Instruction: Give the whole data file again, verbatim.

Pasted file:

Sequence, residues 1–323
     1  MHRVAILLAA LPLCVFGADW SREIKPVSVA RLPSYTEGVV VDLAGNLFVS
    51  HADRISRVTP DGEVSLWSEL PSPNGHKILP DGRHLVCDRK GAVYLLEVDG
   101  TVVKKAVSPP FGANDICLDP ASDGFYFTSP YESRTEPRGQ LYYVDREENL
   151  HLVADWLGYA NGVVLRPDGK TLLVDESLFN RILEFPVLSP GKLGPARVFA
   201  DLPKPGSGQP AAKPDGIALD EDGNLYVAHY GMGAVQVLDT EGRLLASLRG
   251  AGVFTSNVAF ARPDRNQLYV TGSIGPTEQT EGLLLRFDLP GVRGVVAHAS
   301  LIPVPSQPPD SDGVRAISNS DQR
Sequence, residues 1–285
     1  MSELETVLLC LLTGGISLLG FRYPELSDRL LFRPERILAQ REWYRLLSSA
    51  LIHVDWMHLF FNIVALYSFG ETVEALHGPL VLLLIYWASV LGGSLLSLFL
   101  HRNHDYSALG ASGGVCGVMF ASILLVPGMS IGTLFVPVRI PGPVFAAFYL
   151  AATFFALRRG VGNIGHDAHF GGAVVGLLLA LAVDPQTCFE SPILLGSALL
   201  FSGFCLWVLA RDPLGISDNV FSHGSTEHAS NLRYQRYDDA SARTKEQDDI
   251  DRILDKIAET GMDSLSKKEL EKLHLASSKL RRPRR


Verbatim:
Sequence, residues 1–323
     1  MHRVAILLAA LPLCVFGADW SREIKPVSVA RLPSYTEGVV VDLAGNLFVS
    51  HADRISRVTP DGEVSLWSEL PSPNGHKILP DGRHLVCDRK GAVYLLEVDG
   101  TVVKKAVSPP FGANDICLDP ASDGFYFTSP YESRTEPRGQ LYYVDREENL
   151  HLVADWLGYA NGVVLRPDGK TLLVDESLFN RILEFPVLSP GKLGPARVFA
   201  DLPKPGSGQP AAKPDGIALD EDGNLYVAHY GMGAVQVLDT EGRLLASLRG
   251  AGVFTSNVAF ARPDRNQLYV TGSIGPTEQT EGLLLRFDLP GVRGVVAHAS
   301  LIPVPSQPPD SDGVRAISNS DQR
Sequence, residues 1–285
     1  MSELETVLLC LLTGGISLLG FRYPELSDRL LFRPERILAQ REWYRLLSSA
    51  LIHVDWMHLF FNIVALYSFG ETVEALHGPL VLLLIYWASV LGGSLLSLFL
   101  HRNHDYSALG ASGGVCGVMF ASILLVPGMS IGTLFVPVRI PGPVFAAFYL
   151  AATFFALRRG VGNIGHDAHF GGAVVGLLLA LAVDPQTCFE SPILLGSALL
   201  FSGFCLWVLA RDPLGISDNV FSHGSTEHAS NLRYQRYDDA SARTKEQDDI
   251  DRILDKIAET GMDSLSKKEL EKLHLASSKL RRPRR